Previous research has suggested the gut microbiota’s role in the risk of developing metabolic and immune-related disorders later in life. However, no studies have characterized the early-life gut microbiome longitudinally in large populations. Three recent studies shed light on how early-life gut microbiota composition might help identify which children are at risk of developing obesity and type 1 diabetes later in childhood.
The first prospective cohort study, led by Dr. Merete Eggesbø from the Norwegian Institute of Public Health (Oslo, Norway), concludes that gut microbiome composition at 2 years of age can predict obesity at age 12, suggesting the gut microbiome may play an early role in promoting obesity.
The researchers examined the association between gut microbiota composition on six occasions during the first two years of life and body mass index (BMI)—using BMI z-scores as measures of relative weight adjusted for child age and sex—at age 12 in a birth cohort of 165 Norwegian children (from the NoMIC cohort) and their mothers.
Gut microbiota composition at days 10 and 2 years of age was associated with childhood BMI at age 12. Specifically, the gut microbiota taxa at 2 years of age explained 53% of the variation in childhood BMI. It was also found that BMI-associated taxa in children correlated with maternal taxa relating to excess maternal weight and obesity and excessive gestational weight gain.
The other two studies (here; here) have explored whether the gut microbiome in early life could be a predictive trigger of type 1 diabetes (T1D). With this goal in mind, longitudinal stool samples were collected from the largest microbiome study in children to date, which is part of the The Environmental Determinants of Type 1 Diabetes in the Young (TEDDY) study. The children under study included seroconverters, those diagnosed with T1D and controls.
In the first study, the researchers analyzed 16S ribosomal ribonucleic acid sequencing information in 12,500 stool samples from 905 children between 3 and 46 months of age.
The researchers detected that temporal development of the gut microbiome followed three distinct phases: one of development, which ran from 3 to 14 months; another one of transition, from 15 to 30 months; and that of progressive stabilization, from 31 months onwards. However, it cannot be inferred that gut microbiota maturation ends at 2.5 years of age. Previous data has shown that the gut microbiota is not established at 5 years of age and its maturation process becomes apparent even up to 20 years of age, experiencing another shift at 70 years into the elderly type.
Regarding maternal and postnatal influences on the developing gut microbiome, it was observed that, in the first phase, breastfeeding was associated with higher levels of bifidobacteria and that microbiota diversity increased when children began to incorporate solid foods. They also observed that children who had been born vaginally had a temporary increase in Bacteroides, which in turn was associated with greater gut diversity and maturation.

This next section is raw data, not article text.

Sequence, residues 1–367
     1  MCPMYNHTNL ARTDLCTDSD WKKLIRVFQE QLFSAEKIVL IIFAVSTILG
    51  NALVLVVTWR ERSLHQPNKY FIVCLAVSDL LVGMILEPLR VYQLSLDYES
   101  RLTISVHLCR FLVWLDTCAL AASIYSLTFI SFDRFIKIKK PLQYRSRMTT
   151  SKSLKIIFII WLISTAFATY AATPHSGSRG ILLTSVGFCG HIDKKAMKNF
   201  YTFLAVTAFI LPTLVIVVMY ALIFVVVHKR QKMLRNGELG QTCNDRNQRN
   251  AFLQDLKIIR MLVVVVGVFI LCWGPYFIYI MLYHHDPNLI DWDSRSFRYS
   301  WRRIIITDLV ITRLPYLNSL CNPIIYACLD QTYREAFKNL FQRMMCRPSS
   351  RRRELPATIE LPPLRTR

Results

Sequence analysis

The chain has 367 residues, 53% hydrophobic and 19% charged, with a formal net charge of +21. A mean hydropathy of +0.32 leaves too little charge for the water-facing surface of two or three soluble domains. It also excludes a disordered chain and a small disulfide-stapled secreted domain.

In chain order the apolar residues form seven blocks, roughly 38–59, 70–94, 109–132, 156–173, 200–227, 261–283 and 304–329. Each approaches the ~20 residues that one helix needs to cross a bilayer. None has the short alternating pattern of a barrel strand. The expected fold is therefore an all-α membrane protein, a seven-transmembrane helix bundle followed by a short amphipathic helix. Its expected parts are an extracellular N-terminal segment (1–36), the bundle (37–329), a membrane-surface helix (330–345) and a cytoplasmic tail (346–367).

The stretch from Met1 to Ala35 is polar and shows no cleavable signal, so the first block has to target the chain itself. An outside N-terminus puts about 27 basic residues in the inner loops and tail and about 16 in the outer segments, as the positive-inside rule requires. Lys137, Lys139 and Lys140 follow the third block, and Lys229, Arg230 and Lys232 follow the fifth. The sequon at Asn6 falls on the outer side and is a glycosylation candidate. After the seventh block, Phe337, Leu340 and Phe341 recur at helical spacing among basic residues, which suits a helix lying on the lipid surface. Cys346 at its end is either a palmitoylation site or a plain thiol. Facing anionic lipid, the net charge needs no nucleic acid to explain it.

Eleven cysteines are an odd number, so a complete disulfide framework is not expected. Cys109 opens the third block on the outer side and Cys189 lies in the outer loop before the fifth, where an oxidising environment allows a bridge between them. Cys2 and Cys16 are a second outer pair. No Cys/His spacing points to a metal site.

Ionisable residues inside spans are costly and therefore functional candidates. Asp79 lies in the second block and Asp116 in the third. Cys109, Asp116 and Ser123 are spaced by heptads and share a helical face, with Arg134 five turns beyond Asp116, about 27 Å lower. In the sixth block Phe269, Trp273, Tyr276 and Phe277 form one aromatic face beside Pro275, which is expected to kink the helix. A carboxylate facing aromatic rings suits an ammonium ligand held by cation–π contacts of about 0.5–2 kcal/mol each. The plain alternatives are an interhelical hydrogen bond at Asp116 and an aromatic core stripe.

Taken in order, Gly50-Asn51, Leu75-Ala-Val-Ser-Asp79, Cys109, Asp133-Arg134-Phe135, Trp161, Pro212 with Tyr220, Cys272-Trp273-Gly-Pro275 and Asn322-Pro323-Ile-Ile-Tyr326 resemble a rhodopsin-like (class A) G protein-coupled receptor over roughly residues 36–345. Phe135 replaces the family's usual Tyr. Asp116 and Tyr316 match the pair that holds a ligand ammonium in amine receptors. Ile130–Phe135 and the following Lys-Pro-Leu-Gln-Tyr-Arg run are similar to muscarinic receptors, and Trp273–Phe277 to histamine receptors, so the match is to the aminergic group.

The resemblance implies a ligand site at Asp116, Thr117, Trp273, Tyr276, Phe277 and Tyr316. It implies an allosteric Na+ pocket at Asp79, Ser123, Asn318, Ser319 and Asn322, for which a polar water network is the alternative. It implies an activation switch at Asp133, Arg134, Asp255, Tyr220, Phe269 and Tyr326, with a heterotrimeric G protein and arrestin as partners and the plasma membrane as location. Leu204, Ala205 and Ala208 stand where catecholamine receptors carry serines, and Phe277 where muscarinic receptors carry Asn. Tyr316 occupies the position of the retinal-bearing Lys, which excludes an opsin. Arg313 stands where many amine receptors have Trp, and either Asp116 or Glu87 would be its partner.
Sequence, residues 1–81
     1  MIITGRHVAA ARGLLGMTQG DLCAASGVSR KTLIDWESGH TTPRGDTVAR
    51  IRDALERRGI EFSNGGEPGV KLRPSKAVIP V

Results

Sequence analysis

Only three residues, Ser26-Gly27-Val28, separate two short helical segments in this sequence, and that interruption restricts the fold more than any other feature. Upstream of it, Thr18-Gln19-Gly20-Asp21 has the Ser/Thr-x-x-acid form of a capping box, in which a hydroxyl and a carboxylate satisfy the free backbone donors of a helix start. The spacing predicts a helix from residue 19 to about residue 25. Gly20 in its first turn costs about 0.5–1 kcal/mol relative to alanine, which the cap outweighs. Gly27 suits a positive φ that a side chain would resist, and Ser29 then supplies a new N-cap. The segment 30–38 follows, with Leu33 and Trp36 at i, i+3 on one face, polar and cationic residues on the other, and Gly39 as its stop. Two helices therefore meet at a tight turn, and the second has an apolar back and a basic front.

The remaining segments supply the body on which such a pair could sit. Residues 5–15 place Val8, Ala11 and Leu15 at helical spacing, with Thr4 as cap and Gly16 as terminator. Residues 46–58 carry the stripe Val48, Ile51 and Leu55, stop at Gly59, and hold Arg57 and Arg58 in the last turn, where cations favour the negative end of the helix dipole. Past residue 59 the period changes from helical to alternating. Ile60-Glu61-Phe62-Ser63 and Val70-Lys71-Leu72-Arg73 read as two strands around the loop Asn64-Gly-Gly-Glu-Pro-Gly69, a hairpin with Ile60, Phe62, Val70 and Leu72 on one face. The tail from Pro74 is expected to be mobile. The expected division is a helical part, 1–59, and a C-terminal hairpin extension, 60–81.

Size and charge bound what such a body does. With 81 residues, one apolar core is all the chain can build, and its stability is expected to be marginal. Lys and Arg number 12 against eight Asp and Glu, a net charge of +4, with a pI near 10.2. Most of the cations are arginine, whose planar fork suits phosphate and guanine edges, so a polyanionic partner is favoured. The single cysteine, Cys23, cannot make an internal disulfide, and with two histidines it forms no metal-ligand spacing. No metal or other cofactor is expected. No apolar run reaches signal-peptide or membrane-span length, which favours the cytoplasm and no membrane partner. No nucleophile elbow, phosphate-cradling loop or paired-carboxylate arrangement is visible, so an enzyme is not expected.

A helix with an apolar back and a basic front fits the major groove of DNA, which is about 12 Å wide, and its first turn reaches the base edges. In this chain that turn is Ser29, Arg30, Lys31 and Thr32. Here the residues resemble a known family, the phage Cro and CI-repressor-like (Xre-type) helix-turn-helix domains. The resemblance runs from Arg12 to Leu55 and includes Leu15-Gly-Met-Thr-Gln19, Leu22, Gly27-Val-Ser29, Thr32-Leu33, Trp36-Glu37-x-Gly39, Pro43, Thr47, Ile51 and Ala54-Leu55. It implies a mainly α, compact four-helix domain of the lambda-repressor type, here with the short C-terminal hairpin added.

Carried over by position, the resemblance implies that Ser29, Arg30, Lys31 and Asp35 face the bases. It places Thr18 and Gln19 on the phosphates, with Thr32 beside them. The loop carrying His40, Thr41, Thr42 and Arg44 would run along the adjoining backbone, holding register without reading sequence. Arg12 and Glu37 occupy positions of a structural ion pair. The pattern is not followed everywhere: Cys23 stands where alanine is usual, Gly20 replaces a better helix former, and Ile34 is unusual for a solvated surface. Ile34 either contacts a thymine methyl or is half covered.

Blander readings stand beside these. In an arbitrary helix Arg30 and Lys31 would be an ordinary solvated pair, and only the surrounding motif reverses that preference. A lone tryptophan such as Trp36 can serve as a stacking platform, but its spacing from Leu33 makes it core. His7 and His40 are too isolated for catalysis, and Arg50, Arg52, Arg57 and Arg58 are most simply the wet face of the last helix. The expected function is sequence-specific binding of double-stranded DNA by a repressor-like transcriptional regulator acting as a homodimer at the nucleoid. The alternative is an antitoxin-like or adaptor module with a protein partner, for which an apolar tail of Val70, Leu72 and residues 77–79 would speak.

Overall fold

In the second study, the researchers focused on metagenomic sequencing data from 783 children over the first five years of life.
The gut microbiome of children who did not develop T1D later in childhood contained more genes related to fermentation and short-chain fatty acid production, whose protective role in metabolic conditions have been shown previously. Apart from considering intra-individual specific functions, the researchers found that a range of 20 microbial metabolic enzymes changed consistently over the first year of life. The lactate dehydrogenase enzyme decreased, whereas the transketolase enzyme, which is involved in the metabolism of fiber, increased.
In contrast, children who developed T1D had a gut microbiota rich in Bacteroides species with depleted levels of SCFA-producing bacteria.
On the whole, these findings provide preliminary evidence that the early-life gut microbiome may help identify children who are at risk of obesity and of developing islet autoimmunity or T1D later in life, which may subsequently facilitate early prevention efforts, especially through diet.
Stanislawski MA, Dabelea D, Wagner BD, et al. Gut microbiota in the first 2 years of life and the association with body mass index at age 12 in a Norwegian birth cohort. mBio. 2018; 9:e01751-18. doi: 10.1128/mBio.01751-18.
Stewart CJ, Ajami NJ, O’Brien JL, et al. Temporal development of the gut microbiome in early childhood from the TEDDY study. Nature. 2018; 562:583-8. doi: 10.1038/s41586-018-0617-x.
Vatanen T, Franzosa EA, Schwager R, et al. The human gut microbiome in early-onset type 1 diabetes from the TEDDY study. Nature. 2018; 562:589-94. doi: 10.1038/s41586-018-0620-2.